Question:

Did the lead singer of The Wiggles die of cancer?

Answer:

"Greg" Page is best known as the original lead vocalist of The Wiggles. He has not died, but he retired because of a non-life-threatening chronic illness called orthostatic intolerance, which causes symptoms such as fatigue and loss of balance.

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non-life-threatening chronic illness cancer

The lead vocalist or lead vocal is the member of a band who sings the main solo vocal portions of a song. The lead vocalist may also play one or more instruments, and is usually the "leader" of their group, often the spokesman in interviews and before the public. The lead vocalist is sometimes referred to as the frontman.

In certain types of music, notably soul and Motown, there is a line-up of a lead vocalist with a named group of backing vocalists (Smokey Robinson & the Miracles, Diana Ross & the Supremes, Gladys Knight & the Pips). Such line-ups can be very fluid, with both the lead vocalist and the backing group pursuing independent careers; and frequent personnel changes are not uncommon. While members of backing bands were often replaceable, the lead singer would be regarded as having a more marketable name and would have to hire or fire backing musicians at will. Cases of backing bands "defecting" to rival vocalists were rarer, but did happen on occasion as seen by Tony Orlando and Dawn.

The Wiggles are an Australian children's music group formed in Sydney, New South Wales in 1991. The current members of the group are Anthony Field, Emma Watkins, Simon Pryce and Lachlan Gillespie. The original members were Field, Phillip Wilcher, Murray Cook, Greg Page, and Jeff Fatt. Wilcher left the group after their first album. Page retired in 2006 due to ill health and was replaced by understudy Sam Moran, but returned in 2012, replacing Moran. At the end of 2012, Page, Cook, and Fatt, retired, although Cook and Fatt retained their shareholding in the group and all three continued to have input into the creative and production aspects of the group.

Field and Fatt were members of the Australian pop band The Cockroaches in the 1980s, and Cook was a member of several bands before meeting Field and Page at Macquarie University, where they were studying to become pre-school teachers. A school project led to the recording of their first album and tour in 1991. As a result of their background, the group combines music and theories of child development in their videos, television programs, and live shows. Since their inception, other regular characters (Captain Feathersword, Dorothy the Dinosaur, Henry the Octopus, and Wags the Dog) and a troupe called "The Wiggly dancers" have toured with them and appeared in their CDs, DVDs, and television programs.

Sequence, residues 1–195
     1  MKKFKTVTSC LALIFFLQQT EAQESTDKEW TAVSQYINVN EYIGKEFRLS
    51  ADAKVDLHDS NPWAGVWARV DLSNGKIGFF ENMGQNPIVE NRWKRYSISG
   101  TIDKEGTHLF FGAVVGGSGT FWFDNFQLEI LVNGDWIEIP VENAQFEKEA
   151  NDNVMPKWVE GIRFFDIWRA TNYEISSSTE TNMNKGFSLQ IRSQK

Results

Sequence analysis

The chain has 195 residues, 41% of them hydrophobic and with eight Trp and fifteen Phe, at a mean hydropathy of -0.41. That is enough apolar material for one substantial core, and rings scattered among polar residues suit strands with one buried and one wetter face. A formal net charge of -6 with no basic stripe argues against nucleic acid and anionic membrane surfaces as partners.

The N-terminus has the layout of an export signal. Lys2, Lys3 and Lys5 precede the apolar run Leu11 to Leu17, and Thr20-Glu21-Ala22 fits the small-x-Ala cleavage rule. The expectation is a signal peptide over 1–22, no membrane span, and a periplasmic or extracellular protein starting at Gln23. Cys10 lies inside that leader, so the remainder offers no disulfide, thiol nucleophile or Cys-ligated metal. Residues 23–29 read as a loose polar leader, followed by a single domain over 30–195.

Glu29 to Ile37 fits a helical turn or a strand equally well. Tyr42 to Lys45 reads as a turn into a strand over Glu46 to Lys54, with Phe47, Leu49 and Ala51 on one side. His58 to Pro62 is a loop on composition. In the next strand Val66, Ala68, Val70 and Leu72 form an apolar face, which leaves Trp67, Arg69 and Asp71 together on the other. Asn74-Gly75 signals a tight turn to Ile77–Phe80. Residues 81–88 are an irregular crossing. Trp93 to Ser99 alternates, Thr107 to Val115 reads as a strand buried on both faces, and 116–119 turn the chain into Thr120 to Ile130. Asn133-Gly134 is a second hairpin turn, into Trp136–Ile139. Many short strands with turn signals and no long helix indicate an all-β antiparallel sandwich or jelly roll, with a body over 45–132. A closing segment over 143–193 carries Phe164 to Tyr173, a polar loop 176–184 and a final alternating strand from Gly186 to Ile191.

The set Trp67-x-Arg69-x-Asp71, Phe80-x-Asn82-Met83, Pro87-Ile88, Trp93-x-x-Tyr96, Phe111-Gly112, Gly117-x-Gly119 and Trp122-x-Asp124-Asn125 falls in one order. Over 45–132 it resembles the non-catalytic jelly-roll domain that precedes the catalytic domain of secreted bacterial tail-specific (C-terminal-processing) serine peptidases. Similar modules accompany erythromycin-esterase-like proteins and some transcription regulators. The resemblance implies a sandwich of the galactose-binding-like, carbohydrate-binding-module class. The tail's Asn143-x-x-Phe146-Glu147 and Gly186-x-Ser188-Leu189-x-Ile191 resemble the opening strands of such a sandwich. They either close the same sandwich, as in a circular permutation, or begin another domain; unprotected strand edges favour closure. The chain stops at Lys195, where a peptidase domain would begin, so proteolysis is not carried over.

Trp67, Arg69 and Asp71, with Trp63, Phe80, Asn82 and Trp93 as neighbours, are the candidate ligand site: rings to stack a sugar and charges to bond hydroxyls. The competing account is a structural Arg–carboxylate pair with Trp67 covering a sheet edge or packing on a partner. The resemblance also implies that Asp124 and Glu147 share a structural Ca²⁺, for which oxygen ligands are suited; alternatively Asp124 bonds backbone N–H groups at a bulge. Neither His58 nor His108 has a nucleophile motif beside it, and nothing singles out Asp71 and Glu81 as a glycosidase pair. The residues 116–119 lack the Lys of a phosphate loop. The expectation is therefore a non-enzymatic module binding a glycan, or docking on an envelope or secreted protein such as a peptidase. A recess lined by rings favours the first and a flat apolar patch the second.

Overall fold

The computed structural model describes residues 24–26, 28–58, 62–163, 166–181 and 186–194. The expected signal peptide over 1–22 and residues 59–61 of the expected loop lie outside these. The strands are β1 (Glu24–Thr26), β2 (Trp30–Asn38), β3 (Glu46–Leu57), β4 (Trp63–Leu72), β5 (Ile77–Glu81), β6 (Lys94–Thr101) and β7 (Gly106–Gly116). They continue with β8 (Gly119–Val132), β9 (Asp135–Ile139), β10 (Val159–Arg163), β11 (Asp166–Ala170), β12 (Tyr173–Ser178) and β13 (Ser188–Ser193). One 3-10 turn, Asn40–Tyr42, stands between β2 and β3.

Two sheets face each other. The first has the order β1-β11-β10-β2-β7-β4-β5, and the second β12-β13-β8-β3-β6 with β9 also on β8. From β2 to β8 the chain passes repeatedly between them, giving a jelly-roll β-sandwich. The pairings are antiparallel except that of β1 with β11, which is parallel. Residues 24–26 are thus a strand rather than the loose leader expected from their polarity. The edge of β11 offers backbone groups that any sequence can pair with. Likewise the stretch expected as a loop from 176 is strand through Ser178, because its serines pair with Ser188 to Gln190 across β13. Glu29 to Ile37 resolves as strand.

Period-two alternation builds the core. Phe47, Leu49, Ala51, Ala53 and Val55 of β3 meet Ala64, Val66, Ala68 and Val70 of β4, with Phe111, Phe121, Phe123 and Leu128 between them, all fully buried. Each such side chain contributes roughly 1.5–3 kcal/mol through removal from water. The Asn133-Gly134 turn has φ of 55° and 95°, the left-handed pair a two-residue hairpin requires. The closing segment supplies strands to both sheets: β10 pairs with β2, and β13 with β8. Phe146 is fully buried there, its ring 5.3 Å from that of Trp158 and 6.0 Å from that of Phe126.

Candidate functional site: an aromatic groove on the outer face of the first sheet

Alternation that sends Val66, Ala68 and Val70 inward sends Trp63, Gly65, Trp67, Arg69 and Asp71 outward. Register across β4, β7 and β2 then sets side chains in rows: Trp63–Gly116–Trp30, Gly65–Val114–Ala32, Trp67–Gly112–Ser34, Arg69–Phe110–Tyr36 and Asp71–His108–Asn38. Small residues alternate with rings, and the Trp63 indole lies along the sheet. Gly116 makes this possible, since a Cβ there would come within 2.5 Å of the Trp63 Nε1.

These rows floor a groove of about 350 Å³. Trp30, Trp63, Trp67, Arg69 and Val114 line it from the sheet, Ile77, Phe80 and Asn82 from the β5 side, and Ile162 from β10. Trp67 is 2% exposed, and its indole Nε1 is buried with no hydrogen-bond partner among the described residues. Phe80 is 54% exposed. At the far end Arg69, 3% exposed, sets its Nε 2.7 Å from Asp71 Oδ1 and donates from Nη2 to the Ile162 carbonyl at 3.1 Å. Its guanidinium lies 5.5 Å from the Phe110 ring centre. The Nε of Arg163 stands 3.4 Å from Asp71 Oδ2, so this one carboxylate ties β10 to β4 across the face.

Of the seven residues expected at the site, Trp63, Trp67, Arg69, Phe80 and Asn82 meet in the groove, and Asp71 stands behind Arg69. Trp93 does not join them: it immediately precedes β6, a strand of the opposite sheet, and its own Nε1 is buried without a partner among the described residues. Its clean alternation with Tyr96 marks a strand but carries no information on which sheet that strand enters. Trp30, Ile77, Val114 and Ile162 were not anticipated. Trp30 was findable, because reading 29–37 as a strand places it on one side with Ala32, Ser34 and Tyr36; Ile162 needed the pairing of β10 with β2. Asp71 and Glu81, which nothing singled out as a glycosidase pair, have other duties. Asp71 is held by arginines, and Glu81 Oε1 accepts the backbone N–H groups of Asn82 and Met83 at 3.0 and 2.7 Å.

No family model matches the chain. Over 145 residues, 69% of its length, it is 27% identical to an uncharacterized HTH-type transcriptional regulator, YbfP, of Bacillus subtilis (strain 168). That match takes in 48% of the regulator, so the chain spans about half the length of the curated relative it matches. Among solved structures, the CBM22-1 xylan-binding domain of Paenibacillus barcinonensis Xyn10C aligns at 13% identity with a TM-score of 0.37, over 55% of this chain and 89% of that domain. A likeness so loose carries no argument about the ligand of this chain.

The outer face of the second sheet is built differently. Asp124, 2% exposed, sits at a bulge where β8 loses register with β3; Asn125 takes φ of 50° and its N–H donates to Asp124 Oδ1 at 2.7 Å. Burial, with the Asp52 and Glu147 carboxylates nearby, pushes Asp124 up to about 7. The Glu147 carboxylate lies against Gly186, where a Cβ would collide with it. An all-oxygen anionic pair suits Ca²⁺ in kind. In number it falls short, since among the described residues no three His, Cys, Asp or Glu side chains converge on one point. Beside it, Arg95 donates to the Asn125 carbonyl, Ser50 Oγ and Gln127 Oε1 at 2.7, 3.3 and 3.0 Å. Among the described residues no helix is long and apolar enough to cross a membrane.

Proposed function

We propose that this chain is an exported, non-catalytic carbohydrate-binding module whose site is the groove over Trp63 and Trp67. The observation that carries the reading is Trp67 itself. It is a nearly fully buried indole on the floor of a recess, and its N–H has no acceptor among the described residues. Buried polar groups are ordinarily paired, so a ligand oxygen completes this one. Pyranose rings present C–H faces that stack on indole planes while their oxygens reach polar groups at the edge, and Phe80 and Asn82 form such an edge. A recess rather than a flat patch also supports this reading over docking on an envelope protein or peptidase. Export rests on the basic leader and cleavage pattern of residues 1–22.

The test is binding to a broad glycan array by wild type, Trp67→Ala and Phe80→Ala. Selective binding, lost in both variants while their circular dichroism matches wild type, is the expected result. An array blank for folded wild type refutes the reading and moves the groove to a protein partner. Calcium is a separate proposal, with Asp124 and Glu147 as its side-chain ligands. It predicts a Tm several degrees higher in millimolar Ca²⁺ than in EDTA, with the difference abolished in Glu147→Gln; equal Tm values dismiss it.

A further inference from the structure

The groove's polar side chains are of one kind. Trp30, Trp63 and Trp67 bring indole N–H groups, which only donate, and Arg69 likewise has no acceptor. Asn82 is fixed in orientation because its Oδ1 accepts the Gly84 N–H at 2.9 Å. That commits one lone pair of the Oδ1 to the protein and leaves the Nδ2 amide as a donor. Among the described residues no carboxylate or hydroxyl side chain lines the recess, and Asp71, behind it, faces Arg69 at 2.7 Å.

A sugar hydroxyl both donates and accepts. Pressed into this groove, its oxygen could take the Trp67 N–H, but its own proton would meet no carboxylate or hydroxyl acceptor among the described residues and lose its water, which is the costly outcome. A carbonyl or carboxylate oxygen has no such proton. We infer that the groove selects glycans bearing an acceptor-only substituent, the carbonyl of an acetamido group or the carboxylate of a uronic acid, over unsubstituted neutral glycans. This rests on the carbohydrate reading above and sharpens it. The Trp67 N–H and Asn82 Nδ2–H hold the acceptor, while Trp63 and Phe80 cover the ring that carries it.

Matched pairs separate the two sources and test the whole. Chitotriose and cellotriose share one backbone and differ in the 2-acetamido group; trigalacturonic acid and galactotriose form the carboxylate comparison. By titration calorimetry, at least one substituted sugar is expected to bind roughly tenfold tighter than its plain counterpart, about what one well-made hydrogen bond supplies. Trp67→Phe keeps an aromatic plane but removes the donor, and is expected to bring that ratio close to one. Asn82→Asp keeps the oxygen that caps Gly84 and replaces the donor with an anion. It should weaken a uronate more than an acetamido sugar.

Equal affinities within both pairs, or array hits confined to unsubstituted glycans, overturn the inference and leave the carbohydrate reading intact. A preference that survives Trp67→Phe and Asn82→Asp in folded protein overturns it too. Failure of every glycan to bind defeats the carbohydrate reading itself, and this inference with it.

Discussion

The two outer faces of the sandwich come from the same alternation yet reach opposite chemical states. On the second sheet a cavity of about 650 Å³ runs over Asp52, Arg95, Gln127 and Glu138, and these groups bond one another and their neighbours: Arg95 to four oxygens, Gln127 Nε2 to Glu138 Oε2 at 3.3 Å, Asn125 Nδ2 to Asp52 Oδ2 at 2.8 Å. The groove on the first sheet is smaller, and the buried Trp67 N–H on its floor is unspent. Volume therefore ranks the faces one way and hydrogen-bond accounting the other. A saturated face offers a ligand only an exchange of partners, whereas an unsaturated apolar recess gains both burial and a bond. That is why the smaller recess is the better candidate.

fatigue original lead vocalist Symptoms

The Wiggles are an Australian children's music group formed in Sydney, New South Wales in 1991. The current members of the group are Anthony Field, Emma Watkins, Simon Pryce and Lachlan Gillespie. The original members were Field, Phillip Wilcher, Murray Cook, Greg Page, and Jeff Fatt. Wilcher left the group after their first album. Page retired in 2006 due to ill health and was replaced by understudy Sam Moran, but returned in 2012, replacing Moran. At the end of 2012, Page, Cook, and Fatt, retired, although Cook and Fatt retained their shareholding in the group and all three continued to have input into the creative and production aspects of the group.

Field and Fatt were members of the Australian pop band The Cockroaches in the 1980s, and Cook was a member of several bands before meeting Field and Page at Macquarie University, where they were studying to become pre-school teachers. A school project led to the recording of their first album and tour in 1991. As a result of their background, the group combines music and theories of child development in their videos, television programs, and live shows. Since their inception, other regular characters (Captain Feathersword, Dorothy the Dinosaur, Henry the Octopus, and Wags the Dog) and a troupe called "The Wiggly dancers" have toured with them and appeared in their CDs, DVDs, and television programs.

Fatigue

Cancer-related fatigue is a subjective symptom of fatigue that is experienced by nearly all cancer patients.

Among patients receiving cancer treatment other than surgery, it is essentially universal. Fatigue is a normal and expected side effect of most forms of chemotherapy, radiation therapy, and biotherapy. On average, cancer-related fatigue is "more severe, more distressing, and less likely to be relieved by rest" than fatigue experienced by healthy people. It can range from mild to severe, and may be either temporary or a long-term effect.

Cancer Health Medicine

Orthostatic intolerance (OI) is the development of symptoms when standing upright which are relieved when sitting back down again. There are many types of orthostatic intolerance. OI can be a subcategory of dysautonomia, a disorder of the autonomic nervous system occurring when an individual stands up.

It affects more women than men (female-to-male ratio is at least 4:1), usually under the age of 35. Up to 97% of those who have chronic fatigue syndrome (CFIDS) have been said been shown in studies to have some form of OI.

Health Medical Pharma

In journalism, a human interest story is a feature story that discusses a person or people in an emotional way. It presents people and their problems, concerns, or achievements in a way that brings about interest, sympathy or motivation in the reader or viewer.

Human interest stories may be "the story behind the story" about an event, organization, or otherwise faceless historical happening, such as about the life of an individual soldier during wartime, an interview with a survivor of a natural disaster, a random act of kindness or profile of someone known for a career achievement.

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